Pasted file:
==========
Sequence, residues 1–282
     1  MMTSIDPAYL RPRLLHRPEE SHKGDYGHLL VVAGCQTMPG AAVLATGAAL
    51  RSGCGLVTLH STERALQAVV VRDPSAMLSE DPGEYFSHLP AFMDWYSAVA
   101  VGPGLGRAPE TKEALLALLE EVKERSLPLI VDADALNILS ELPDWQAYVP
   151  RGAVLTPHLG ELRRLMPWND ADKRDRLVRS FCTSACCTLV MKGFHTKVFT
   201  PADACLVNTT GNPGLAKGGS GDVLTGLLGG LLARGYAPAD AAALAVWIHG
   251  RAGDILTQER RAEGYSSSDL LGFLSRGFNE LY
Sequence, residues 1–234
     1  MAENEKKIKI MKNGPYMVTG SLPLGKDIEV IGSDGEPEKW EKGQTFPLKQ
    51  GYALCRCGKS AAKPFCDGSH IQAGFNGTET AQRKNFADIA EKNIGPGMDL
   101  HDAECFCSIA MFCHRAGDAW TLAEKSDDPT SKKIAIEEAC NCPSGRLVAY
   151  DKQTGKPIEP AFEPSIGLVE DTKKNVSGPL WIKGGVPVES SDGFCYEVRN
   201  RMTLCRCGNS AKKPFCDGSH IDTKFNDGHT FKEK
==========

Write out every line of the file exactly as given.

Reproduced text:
Sequence, residues 1–282
     1  MMTSIDPAYL RPRLLHRPEE SHKGDYGHLL VVAGCQTMPG AAVLATGAAL
    51  RSGCGLVTLH STERALQAVV VRDPSAMLSE DPGEYFSHLP AFMDWYSAVA
   101  VGPGLGRAPE TKEALLALLE EVKERSLPLI VDADALNILS ELPDWQAYVP
   151  RGAVLTPHLG ELRRLMPWND ADKRDRLVRS FCTSACCTLV MKGFHTKVFT
   201  PADACLVNTT GNPGLAKGGS GDVLTGLLGG LLARGYAPAD AAALAVWIHG
   251  RAGDILTQER RAEGYSSSDL LGFLSRGFNE LY
Sequence, residues 1–234
     1  MAENEKKIKI MKNGPYMVTG SLPLGKDIEV IGSDGEPEKW EKGQTFPLKQ
    51  GYALCRCGKS AAKPFCDGSH IQAGFNGTET AQRKNFADIA EKNIGPGMDL
   101  HDAECFCSIA MFCHRAGDAW TLAEKSDDPT SKKIAIEEAC NCPSGRLVAY
   151  DKQTGKPIEP AFEPSIGLVE DTKKNVSGPL WIKGGVPVES SDGFCYEVRN
   201  RMTLCRCGNS AKKPFCDGSH IDTKFNDGHT FKEK